Anyway, I am not a person who holds onto many material things. I’m not a hoarder. I’m a non-hoarder. I’m so much a non-hoarder, I have made mistakes in the past in getting rid of things too soon or without enough thought. (Remind me someday to tell you about throwing letters from my father into the fireplace.) But I’ve held onto this kitten puppet because she’s so adorable and it’s a puppet! And I might not have a puppet collection but I do advise anyone to have a puppet or two on hand for emergencies. But of course I have another reason to hang onto it.

I was Kitten. And he was Yuri. And he is far away and I am far away and that chapter is over. But it was real. And it was real important. It mattered, it changed at least two lives; it was love. Letting go of this puppet is weirdly hard for me. I’ve gotten rid of so much stuff in the past three years: Why not this little cat?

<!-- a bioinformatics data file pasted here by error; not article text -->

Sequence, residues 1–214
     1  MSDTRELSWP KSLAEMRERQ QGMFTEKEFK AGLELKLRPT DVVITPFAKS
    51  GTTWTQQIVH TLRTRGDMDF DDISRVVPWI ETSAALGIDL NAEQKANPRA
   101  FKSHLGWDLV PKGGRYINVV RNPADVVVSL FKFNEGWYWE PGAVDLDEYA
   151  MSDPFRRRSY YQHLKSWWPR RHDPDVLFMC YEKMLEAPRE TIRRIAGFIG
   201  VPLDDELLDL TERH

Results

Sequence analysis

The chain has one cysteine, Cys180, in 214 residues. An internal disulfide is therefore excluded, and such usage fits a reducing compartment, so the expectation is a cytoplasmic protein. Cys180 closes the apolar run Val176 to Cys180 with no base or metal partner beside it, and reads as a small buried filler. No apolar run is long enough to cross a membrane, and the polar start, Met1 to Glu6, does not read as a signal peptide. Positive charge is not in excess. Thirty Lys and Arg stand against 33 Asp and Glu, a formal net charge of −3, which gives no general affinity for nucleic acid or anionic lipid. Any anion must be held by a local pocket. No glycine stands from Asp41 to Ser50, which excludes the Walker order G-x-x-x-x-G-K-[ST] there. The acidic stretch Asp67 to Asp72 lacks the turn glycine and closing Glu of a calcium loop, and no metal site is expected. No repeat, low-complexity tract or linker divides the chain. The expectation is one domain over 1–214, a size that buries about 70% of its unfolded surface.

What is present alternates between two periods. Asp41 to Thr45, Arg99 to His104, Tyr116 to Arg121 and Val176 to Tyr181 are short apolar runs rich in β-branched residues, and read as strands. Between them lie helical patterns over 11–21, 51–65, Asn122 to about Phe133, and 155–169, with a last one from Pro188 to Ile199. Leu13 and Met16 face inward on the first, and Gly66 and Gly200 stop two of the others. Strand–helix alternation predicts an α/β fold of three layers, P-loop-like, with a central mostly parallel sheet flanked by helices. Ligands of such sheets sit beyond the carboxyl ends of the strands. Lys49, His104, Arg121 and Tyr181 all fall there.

So I need some advice. I’m doing spring/post-school cleaning and I found her again, in a drawer. Before she went into the drawer she had been in a basket. Before the basket, I had her on a shelf. There’s no puppet display case and there’s no way I’m going to stow her away in a shoebox only to find her 10 years from now and have a Proust moment that destroys me completely.

Give her to a child, right? To enjoy? But what about … What about love?

I Am A Cheetah

Lee Meriwether, everyone. Image: Wikipedia.

 

 

Let’s out with it: Yuri is younger than I am. Notably younger.